Guide to safety measures while handling and storing goods on pallets

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Businesses are diverse today and whatever the nature of your business, it is likely to involve stacking and storage of goods and materials. As trivial as it may sound, most of your business’s fortune depends on the goods. Hence, care should be taken at making the storage space a safe haven for these materials. Following are some measures to consider while handling and storing goods on pallets.
People, materials and machinery. In order to create a safe environment, attention must be paid to these three factors and the rest will fall in place organically. Employers must take all reasonable steps to ensure that all goods, materials, substances and equipment in workplaces are stacked and stored in a way that they do not constitute a danger to persons or things in their vicinity during the course of daily operations.
The nature of goods vary with the nature of business. Some businesses deal in light-weight materials whereas others deal only in heavy-duty packages. It becomes essentially in the latter case to train the employees to better adept them with the risks involved. They should be made aware of the nature of the goods stored, the hazards involved and the precautions to be taken, protective clothing and equipment to be worn, and action to be taken in emergencies.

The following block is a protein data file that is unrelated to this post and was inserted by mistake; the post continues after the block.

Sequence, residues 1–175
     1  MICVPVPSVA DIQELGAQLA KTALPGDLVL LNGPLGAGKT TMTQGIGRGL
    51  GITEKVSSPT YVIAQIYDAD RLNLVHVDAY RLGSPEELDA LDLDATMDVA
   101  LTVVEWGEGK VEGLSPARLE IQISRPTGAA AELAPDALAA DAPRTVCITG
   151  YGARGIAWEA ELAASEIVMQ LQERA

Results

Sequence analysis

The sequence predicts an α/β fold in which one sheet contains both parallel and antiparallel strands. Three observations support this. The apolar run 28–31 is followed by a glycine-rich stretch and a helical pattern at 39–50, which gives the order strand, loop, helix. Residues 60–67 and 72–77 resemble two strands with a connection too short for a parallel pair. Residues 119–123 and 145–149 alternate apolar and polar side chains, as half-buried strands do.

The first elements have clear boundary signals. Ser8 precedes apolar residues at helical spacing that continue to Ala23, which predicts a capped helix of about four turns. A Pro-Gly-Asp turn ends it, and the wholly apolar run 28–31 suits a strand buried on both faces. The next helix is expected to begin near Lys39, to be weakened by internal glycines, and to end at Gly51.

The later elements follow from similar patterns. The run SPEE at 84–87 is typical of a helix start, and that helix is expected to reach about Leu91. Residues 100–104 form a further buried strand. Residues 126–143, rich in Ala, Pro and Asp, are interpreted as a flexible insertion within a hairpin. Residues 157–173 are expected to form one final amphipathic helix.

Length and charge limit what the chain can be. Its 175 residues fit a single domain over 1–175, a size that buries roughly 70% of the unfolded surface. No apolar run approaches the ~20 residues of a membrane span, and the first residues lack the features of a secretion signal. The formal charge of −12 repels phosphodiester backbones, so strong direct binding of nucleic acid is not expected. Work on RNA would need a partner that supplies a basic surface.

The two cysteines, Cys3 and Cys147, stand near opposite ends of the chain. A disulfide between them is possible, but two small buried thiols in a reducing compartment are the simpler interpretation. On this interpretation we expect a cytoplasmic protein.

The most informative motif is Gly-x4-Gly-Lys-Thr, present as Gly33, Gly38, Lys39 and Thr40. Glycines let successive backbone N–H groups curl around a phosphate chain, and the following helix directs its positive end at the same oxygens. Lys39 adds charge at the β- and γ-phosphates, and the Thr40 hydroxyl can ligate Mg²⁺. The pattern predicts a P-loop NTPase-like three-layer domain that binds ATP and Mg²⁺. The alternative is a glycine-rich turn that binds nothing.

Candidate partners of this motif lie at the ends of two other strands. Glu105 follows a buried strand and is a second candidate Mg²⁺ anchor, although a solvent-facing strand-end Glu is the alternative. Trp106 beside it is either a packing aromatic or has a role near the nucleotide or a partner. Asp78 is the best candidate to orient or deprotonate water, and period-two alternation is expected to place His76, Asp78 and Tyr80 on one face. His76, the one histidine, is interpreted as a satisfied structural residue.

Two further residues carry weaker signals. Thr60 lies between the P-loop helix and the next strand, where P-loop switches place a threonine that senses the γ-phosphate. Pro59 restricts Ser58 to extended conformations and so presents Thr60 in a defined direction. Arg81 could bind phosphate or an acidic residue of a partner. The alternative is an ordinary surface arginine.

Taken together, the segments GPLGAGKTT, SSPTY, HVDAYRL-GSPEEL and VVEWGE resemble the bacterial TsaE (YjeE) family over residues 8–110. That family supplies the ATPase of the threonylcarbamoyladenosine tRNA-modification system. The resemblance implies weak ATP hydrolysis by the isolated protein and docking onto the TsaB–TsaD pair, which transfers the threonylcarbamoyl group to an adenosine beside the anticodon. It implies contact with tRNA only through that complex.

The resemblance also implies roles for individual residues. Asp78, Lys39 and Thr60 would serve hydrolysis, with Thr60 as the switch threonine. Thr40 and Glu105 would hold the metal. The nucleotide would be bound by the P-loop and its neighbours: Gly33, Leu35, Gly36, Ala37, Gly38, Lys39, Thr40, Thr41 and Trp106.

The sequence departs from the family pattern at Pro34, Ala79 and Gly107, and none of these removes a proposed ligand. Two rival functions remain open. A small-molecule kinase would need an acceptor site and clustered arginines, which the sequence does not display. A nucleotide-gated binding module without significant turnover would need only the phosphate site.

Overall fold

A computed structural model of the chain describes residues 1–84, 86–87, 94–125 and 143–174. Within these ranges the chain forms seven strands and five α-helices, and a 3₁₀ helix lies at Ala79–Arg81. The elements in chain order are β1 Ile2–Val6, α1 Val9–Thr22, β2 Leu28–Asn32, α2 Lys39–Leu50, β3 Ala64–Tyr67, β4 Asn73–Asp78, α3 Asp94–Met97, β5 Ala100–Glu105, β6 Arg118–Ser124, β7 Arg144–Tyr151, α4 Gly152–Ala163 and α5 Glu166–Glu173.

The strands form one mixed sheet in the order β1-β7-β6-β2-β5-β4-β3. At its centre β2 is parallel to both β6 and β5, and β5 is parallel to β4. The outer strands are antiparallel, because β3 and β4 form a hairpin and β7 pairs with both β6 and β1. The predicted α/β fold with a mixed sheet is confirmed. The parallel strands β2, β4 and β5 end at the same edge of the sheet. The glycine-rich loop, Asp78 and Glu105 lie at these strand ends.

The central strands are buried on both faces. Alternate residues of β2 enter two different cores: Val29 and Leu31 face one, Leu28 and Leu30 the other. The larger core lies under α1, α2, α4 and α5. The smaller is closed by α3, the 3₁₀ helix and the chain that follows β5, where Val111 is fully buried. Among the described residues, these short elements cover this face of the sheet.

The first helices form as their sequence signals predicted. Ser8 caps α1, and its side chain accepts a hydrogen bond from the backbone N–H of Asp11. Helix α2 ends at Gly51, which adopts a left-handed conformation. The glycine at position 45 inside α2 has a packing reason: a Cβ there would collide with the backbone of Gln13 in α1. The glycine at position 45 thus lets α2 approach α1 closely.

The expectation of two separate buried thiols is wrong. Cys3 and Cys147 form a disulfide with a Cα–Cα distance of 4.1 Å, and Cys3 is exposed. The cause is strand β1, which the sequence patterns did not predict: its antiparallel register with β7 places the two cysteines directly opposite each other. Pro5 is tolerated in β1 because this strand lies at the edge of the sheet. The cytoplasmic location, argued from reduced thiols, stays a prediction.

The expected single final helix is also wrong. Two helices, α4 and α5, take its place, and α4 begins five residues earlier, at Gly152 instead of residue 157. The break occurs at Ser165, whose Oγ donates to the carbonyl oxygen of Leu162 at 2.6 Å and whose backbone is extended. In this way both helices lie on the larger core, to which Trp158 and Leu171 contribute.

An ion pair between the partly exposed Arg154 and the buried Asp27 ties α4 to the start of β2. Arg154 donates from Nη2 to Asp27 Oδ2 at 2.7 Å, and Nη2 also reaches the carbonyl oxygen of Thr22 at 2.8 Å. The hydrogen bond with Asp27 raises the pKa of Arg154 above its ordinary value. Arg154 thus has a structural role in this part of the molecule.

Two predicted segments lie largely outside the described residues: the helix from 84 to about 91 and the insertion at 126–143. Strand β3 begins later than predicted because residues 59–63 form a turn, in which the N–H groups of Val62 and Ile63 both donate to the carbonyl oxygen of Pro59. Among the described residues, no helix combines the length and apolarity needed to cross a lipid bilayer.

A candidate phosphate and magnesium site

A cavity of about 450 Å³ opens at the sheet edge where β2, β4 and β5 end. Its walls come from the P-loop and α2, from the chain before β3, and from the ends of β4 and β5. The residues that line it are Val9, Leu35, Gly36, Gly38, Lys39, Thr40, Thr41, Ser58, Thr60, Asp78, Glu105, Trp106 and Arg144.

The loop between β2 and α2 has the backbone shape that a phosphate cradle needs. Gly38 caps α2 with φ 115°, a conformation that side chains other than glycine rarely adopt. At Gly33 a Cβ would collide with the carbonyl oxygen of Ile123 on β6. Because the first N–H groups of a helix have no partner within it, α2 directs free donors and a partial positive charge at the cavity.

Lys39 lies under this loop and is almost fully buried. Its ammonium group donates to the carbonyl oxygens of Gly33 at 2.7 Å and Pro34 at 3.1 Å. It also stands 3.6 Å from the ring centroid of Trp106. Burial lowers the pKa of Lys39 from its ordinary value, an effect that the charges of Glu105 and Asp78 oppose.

While training employees is a must in handling all types of products, extra attention should be paid and special training be provided to employees operating mechanical equipment. Fire safety, including the use of fire-fighting equipment, should strictly form part of all training. Another important aspect involved in training and safety and employees in proving them with protective gears such as aprons, gloves, gauntlets, safety helmets, ear protection, eye protection safety footwear, face masks, respirators and safety harnesses.
With an extensive range of pallets available, quite often accidents occur due to the application of wrong equipment at the wrong place and by wrong people. Allowance should be made for the possibility of stored materials becoming waterlogged, and for shock loads from placing materials or from accidental contact by handling equipment. When partitions are used to increase storage capacity, or to separate stored materials, they should be adequately designed and be of sufficient strength to contain the stored material safely. Fire-protective partitions should be used between stored items of differing vulnerability to fire. The corners or ends of shelving and racks should be protected from damage by forklift trucks or mechanised equipment by steel posts, angle irons or other means.

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